Personally, what do you think music is worth? How much should a song cost, how much should a digital album cost?
This is a bit of a tough question, because we now live in a world where it is easier to pull up a song on Youtube and play it for free on your iPhone than it is is to search for it on iTunes and take the time to type in your password to buy it for a measly 99 cents. At the same time I can go to the thrift store by my house and buy old vinyl records for 50 cents or a quarter. Our culture seems to love music and can’t get enough of it, but we view music as something that is cheap and disposable. When we made ‘Under Fire’ we wanted to sell all 15 songs for 10 bucks. Songs get completely overlooked because we now have the option to only buy a single, and with that mentality we felt like it was a huge bargain to get the whole record for 10 bucks, at 66 cents a song. We wanted to encourage people to buy the whole album and experience the record and the flow of song to song. We took a lot of time to plan how the record should flow and we felt like each song complements those around it. I find it sad that people might miss out on that we work we did, because the didn’t want to pay the full price.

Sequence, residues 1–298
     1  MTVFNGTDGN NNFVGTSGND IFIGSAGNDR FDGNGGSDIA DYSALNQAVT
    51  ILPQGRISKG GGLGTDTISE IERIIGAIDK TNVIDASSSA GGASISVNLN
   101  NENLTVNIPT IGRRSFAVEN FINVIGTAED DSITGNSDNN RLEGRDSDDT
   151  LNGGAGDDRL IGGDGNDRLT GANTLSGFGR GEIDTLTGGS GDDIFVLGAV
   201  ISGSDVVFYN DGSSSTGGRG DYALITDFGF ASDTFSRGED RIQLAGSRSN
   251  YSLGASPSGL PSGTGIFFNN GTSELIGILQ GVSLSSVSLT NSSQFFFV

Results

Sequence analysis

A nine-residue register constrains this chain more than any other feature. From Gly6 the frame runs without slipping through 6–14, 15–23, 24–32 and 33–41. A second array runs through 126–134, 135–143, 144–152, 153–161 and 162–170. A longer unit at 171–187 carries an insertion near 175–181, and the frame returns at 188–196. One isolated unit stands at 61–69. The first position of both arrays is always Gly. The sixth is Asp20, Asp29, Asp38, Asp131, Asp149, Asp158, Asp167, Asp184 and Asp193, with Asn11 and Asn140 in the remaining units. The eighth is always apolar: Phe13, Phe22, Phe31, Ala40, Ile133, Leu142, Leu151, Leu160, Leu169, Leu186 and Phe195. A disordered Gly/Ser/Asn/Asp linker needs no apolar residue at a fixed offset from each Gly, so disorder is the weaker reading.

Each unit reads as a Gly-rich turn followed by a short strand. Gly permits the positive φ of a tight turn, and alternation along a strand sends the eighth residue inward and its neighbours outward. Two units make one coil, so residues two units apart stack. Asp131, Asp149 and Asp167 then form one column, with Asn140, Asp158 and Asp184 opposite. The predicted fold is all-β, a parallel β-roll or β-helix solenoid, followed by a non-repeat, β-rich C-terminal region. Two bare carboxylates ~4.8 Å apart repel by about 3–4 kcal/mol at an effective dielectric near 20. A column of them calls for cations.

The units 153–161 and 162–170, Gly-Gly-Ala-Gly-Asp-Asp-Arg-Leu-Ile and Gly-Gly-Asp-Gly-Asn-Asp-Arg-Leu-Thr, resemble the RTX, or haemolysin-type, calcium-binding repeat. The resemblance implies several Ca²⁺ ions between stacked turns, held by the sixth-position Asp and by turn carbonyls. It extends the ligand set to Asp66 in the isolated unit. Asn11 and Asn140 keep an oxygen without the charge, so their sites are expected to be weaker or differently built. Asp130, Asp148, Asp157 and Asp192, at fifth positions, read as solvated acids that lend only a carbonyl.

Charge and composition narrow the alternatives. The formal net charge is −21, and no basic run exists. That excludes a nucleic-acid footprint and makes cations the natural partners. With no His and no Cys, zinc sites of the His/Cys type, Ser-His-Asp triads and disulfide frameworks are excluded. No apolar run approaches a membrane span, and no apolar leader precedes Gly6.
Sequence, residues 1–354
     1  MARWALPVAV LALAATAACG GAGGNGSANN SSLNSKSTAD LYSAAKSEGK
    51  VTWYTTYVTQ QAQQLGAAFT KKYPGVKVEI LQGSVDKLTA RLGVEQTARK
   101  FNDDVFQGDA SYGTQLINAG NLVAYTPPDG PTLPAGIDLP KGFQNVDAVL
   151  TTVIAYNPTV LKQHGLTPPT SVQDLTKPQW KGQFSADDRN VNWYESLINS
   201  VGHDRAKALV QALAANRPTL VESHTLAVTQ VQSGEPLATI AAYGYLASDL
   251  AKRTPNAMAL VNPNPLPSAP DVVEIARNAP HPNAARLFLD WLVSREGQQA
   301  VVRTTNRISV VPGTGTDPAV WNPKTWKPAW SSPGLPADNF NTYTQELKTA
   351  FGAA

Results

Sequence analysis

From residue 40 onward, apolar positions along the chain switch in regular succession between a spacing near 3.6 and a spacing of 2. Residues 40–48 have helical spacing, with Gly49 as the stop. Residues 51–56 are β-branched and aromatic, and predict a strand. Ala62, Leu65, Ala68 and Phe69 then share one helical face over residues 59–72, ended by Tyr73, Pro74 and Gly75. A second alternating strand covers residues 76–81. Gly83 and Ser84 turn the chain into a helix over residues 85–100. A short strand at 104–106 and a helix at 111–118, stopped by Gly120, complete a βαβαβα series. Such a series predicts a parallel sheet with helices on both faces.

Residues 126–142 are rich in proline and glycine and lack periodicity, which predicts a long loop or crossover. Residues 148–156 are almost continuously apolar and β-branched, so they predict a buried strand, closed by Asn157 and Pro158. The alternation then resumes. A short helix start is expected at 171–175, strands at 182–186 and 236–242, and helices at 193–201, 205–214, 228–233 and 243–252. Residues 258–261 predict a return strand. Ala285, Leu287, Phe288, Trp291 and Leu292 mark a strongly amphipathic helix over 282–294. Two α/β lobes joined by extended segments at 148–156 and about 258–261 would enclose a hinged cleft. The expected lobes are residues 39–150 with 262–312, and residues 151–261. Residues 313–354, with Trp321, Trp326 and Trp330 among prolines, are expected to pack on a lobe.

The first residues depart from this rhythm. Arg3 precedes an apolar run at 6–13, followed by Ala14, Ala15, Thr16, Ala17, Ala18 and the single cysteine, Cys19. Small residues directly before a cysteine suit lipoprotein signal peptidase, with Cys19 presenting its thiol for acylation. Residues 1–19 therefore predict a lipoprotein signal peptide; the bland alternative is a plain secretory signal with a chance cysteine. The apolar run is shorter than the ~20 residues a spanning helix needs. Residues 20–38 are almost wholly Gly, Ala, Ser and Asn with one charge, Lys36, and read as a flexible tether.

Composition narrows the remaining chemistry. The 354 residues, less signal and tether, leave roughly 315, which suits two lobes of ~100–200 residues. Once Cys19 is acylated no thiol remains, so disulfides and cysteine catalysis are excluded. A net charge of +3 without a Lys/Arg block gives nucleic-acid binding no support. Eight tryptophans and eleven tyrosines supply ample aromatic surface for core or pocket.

Someone walks up to you at a show and says he loves the new album and mentions he downloaded it illegally, what’s your [first] reaction to that?
My first reaction is thank him for coming to the show. My next reaction to get them to buy a T Shirt. Let’s face the facts here, Apple is not taking 30% of gross from our merch sales, and the guy just bought a ticket. Hopefully he enjoyed the show and is now a real fan. Getting people the music is the first step, but making them a real fan is the tough part.
What’s next and on the horizon for the band?
We are currently on tour. We just finished up a few weeks of Texas shows and we are currently driving to Florida via Louisiana. We are already writing and planning out another acoustic EP to be hopefully released in the spring of 2013.
Tyler Hayes runs the music discovery site NBT.FM